A Townsville worker received more than $500,000 from his insurer after an accident on the Bruce Highway left him with lasting injuries.
A Townsville worker received more than $500,000 from his insurer after an accident on the Bruce Highway left him with lasting injuries.

Dad gets huge payout after Bruce Hwy crash

A TOWNSVILLE meatworker will get $593,441 in compensation after a crash on the Bruce Hwy left with him with lasting injuries.

Christian Wayne Rook was injured in a motor vehicle accident on August 4, 2013.

The matter was heard in the Townsville District Court on September 12.

Mr Rook was seeking money from QBE Insurers after the accident, which he said caused him physical and psychological injuries.

The court documents said Mr Rook had his two children in the back of the car with him when he came to an obstruction on the highway, causing him to brake abruptly.

"When he did so his daughter screamed, causing him to turn his head and body around to the left so as to see her, as he thought from her scream that she had been hurt," the judgement said.

"His car was then struck from behind, evidently with some force, by a motorcycle ridden by the first defendant (Ivan Russell Crofts).

"The plaintiff alleges that as a result of the accident he suffered injuries, both physical and psychological, and claims damages in respect of those injuries."

The documents said Mr Rook felt pain in his neck immediately after the crash. He went to the doctor the next morning in Ingham.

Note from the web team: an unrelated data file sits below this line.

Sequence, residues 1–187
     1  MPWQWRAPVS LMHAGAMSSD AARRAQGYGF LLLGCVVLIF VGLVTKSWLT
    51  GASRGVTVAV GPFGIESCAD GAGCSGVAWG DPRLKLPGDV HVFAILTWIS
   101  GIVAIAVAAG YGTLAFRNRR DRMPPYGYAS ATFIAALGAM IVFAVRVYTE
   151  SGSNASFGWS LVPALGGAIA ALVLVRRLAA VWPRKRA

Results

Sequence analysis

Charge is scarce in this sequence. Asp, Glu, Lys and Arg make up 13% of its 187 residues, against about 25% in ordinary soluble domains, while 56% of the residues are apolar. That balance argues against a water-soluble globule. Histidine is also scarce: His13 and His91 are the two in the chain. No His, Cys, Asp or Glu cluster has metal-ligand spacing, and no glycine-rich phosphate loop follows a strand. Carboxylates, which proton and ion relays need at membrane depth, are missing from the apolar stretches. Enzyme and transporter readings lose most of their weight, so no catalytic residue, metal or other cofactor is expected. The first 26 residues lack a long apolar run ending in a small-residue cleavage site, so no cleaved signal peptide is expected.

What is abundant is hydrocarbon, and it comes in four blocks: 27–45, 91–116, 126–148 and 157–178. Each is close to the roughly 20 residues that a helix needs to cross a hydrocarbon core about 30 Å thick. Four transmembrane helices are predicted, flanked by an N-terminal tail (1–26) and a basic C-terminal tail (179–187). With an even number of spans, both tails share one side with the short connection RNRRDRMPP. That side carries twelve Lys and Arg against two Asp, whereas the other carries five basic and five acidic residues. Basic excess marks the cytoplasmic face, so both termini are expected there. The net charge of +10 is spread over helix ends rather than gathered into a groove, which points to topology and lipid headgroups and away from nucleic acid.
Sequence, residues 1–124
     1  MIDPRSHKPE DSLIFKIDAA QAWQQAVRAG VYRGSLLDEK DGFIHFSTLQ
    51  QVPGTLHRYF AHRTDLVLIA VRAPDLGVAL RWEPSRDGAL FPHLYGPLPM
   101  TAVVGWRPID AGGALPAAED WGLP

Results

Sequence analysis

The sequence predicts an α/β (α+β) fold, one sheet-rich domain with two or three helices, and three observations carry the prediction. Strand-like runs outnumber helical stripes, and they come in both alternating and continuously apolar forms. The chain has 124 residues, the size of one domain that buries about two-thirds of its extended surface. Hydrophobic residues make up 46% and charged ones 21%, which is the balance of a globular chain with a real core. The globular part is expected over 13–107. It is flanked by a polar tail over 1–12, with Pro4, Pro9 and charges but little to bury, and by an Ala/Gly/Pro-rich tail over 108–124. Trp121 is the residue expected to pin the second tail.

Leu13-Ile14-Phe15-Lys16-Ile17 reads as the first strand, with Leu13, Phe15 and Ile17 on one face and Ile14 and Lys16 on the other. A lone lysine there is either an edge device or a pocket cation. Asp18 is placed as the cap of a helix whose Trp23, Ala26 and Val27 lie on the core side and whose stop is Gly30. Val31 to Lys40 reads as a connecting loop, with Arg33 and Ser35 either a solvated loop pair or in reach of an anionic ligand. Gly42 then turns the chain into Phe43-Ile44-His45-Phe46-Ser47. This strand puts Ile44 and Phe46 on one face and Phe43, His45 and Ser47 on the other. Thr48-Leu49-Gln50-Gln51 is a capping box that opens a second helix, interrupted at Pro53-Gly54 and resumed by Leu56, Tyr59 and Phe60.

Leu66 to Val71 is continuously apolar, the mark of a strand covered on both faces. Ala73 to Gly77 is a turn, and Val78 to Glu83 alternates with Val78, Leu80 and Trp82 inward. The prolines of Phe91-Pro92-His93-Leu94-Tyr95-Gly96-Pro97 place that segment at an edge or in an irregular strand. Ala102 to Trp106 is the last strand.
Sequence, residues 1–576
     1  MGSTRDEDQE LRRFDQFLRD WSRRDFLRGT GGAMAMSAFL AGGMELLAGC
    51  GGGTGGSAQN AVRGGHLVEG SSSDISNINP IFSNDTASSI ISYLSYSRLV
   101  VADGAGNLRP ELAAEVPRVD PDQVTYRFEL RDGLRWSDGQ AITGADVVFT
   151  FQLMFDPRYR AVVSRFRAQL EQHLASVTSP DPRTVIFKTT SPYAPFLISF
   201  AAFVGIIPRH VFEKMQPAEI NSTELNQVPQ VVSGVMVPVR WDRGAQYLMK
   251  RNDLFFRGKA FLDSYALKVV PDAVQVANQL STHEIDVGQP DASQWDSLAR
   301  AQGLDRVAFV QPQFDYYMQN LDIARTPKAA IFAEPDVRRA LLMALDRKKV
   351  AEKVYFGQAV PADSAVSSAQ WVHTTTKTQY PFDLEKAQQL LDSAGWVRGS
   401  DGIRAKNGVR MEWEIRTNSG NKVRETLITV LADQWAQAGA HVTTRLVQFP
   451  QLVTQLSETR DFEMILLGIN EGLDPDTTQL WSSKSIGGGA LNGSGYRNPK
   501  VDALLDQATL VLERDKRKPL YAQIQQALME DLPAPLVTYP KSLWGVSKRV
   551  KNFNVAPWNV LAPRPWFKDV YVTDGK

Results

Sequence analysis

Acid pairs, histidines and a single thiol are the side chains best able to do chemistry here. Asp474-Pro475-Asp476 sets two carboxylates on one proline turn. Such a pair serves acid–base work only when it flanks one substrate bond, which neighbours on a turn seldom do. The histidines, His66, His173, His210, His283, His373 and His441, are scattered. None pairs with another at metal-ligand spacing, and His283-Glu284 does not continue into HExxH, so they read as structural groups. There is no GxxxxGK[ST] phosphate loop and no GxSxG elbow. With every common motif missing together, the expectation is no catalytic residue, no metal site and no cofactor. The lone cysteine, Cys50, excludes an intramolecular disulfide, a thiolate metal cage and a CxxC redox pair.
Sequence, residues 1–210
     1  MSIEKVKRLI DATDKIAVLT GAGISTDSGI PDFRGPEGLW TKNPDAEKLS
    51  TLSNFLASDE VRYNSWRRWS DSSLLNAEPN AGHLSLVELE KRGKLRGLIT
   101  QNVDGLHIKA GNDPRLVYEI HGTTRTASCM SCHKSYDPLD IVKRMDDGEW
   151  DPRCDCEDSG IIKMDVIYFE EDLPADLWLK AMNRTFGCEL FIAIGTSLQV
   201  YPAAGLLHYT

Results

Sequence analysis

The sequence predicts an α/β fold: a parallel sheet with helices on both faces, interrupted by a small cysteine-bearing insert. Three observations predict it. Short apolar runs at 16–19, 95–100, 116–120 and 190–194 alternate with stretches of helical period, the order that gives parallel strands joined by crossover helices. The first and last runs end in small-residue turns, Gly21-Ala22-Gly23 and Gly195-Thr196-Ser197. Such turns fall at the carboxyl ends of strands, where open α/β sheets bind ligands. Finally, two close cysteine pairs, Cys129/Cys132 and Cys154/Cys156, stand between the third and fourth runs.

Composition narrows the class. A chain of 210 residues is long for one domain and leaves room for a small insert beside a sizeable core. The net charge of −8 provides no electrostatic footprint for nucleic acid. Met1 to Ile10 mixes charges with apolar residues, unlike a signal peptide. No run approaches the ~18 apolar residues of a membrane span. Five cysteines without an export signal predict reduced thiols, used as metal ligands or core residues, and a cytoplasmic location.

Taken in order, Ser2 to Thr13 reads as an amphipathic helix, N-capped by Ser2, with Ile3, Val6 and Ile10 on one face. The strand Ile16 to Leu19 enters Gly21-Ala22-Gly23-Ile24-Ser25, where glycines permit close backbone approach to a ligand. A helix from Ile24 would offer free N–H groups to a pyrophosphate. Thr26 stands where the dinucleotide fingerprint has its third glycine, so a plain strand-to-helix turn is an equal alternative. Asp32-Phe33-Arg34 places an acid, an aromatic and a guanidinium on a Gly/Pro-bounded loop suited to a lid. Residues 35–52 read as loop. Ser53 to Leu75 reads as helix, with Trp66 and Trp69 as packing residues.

"The plaintiff said that since the accident he has suffered ongoing pain in his neck and between his shoulder blades," it said.

The court documents said Mr Rook, who currently works at the meatworks at Townsville, had a series of jobs since the accident. Some of these he said he had to leave because of the pain.

After evidence from a series of witnesses including doctors, Judge Douglas McGill said he found Mr Rook had suffered an injury to his neck and upper back, a soft tissue injury to the neck and an injury to a disc in the thoracic spine.

"The complicating feature here is that the plaintiff's main problem is pain," he said in his judgment.

"It is not so much that he is physically incapable of certain bodily movements, but rather that certain activities stir up his pain level, which naturally makes him resistant to those activities.

"If they are activities he has to persist with, for example because they are part of a job he wants to keep, he can and does persist with them as best he can, but is left with more pain afterwards, which diminishes his capacity to do other things, such as taking care of himself. "All this is quite plausible, and is consistent with psychiatric problems, particularly stirring up pre-existing depression, something likely to diminish his capacity to cope."

Judge McGill said his position was as Mr Rook aged his earning capacity would progressively be lost.